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Truly engaged: My SFU experience

Raisa Crisologo
Raisa Crisologo is working with the TFFE team as part of a student advisory committee. For her, flexible education is about balancing learning with personal and professional development.

By Raisa Crisologo, BBA candidate, 2016

Flexible education – what does it really mean? I define flexible education through three aspects of what I believe are critical components of a flexible university education: balance, creative learning, and personal development. These three characteristics embody the kind of education that every educational institution should strive for.

Balance is a key aspect of flexible education. In terms of flexible education, this means that a university education should allow students to learn at their own pace, and in the way that works best for them. The university should be open to various types of learning structures, such that students are able to fit other spheres of their life (e.g., social life, family life) around their education. This means that students should have enough time to finish their degree, as well as have ample time to fulfill work commitments, to become involved with organizations, and to participate in social events and activities.

Flexible education should be innately a creative learning experience. This means that there is not just “one way” of learning or of teaching a concept or an idea, but that there are different ways of doing so. A flexible education caters to various styles of learning – it essentially provides students a variety of avenues, methods, and learning techniques that allow them to learn in the best and most efficient way possible.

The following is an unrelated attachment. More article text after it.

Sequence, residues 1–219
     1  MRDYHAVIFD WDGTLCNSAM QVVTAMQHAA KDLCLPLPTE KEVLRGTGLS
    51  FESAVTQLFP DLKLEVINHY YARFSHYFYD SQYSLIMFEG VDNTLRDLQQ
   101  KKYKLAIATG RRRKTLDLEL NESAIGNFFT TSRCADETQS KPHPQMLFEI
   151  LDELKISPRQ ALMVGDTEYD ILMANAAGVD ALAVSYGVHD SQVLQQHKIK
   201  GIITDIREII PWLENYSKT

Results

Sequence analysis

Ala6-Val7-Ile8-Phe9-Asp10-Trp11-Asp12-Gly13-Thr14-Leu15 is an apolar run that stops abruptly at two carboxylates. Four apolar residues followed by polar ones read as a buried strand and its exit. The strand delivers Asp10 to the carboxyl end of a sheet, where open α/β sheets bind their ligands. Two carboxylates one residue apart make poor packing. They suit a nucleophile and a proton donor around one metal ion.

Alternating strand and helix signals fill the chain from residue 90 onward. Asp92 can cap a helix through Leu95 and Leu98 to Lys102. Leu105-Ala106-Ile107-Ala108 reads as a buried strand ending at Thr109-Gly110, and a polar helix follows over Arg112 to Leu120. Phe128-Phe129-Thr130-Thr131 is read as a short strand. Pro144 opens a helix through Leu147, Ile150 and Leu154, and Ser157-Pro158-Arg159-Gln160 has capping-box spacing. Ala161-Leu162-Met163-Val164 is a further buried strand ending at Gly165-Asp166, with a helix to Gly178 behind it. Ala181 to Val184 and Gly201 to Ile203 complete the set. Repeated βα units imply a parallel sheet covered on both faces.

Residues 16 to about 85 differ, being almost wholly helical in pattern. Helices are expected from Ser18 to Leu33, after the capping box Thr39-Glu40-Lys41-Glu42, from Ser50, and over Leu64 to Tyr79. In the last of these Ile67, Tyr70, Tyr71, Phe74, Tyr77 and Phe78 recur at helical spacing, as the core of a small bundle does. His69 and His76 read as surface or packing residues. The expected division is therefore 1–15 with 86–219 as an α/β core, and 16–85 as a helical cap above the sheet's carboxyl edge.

Lastly, flexible education should provide room for personal development, either through workshops and conferences, or through co-curricular components. A flexible education should include various opportunities for students to develop and grow into the best version of themselves. A great university produces responsible social citizens who are passionate about what they do, and are community-oriented. This to me is the mark of a stellar university. Thus, flexible education should provide room for students to personally grow and develop the necessary skills that they will need outside of university.